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This is insane. I have Google/FB test accounts that I use to try out new products. I am now inclined to set up offline mail to make sure that my emails are not readily available to anyone but me. Of course Google still archives my removed emails but I think their policy is to remove them after a certain period. Can someone at Google confirm?



How about feeling inclined to actually read the permissions that the service is requesting from you and deciding upon that?

Same thing applies on smartphones too. If an app requests a lot of permissions that do not look like a legit part of the service, stay the hell away from it. A couple of examples:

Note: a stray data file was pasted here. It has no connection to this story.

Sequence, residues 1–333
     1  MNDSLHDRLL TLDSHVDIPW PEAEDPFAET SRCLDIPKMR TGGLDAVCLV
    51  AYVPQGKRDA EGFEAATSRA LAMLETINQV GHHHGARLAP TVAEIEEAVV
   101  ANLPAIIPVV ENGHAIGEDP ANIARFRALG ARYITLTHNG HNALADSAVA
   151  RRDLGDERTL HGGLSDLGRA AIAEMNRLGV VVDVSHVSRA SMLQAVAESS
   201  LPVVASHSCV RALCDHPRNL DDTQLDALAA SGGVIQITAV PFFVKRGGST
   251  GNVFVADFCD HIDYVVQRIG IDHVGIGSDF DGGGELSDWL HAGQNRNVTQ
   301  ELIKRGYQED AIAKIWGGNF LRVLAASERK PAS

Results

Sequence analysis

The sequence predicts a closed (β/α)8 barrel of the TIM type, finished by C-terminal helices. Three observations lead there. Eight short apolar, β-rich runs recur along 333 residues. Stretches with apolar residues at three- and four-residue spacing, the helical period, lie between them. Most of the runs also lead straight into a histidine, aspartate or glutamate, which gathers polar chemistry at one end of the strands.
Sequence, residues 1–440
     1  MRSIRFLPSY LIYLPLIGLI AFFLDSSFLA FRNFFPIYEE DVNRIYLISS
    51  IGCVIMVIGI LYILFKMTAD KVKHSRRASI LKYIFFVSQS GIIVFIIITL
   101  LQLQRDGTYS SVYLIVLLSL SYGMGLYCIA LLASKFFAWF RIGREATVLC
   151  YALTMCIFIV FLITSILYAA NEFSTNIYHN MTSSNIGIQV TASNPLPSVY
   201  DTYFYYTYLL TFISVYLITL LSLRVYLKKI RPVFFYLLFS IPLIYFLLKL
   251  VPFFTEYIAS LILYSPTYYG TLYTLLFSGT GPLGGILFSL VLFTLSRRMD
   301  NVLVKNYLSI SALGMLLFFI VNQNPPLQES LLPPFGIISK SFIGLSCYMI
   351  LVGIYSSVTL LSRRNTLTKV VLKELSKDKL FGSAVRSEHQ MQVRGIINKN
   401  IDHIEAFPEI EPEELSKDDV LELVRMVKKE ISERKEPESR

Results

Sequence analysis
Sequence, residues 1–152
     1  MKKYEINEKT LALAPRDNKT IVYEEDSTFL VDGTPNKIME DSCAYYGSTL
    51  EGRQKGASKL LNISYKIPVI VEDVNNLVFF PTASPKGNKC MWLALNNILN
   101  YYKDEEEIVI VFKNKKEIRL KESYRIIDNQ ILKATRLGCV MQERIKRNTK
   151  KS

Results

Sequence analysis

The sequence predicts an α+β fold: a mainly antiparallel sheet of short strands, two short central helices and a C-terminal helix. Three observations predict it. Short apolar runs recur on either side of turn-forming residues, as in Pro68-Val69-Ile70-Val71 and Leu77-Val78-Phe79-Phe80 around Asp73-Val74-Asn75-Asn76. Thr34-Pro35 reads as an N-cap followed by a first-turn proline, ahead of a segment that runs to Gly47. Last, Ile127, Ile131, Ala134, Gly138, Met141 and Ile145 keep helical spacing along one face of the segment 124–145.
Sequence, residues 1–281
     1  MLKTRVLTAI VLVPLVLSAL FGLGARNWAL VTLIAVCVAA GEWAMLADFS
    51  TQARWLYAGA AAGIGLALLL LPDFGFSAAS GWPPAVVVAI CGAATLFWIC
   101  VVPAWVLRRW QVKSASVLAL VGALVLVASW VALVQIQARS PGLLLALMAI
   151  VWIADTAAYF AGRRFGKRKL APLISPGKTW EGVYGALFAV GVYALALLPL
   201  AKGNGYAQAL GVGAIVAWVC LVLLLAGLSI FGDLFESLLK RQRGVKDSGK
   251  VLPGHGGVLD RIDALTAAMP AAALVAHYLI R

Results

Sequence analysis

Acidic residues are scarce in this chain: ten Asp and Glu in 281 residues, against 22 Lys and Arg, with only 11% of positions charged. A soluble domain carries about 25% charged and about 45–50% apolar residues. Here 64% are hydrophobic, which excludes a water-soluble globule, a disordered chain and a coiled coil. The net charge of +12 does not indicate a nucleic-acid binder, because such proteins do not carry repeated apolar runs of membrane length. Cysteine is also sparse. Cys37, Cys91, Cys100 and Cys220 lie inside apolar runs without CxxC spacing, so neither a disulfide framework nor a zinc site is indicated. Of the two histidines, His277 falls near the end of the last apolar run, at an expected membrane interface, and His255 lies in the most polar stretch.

* Facebook Messenger does not need access to my location and call logs.
    * The main Facebook app does not need access to my SMS.
    * Signal does not need access to my calendar.
Solution: I have none of these apps on my phone.

Edit: a couple more examples:

    * WhatsApp does not need to read my Google services configurations.
    * Viber does not need access to my Bluetooth.
    * Snapchat does not need access to my audio settings.
    * Instagram does not need to run at startup.
    * Microsoft Word does not need to have the ability to set an alarm.


Android is tricky. I'm not an expert at their permissions settings but it seems that some of them are worded alarmingly for over-reaching yet justifiable permissions. I'm thinking for example (not one you listed, but..) that displaying push notifications immediatly when the phone is not in use requires a permission to "prevent the phone from sleeping"...




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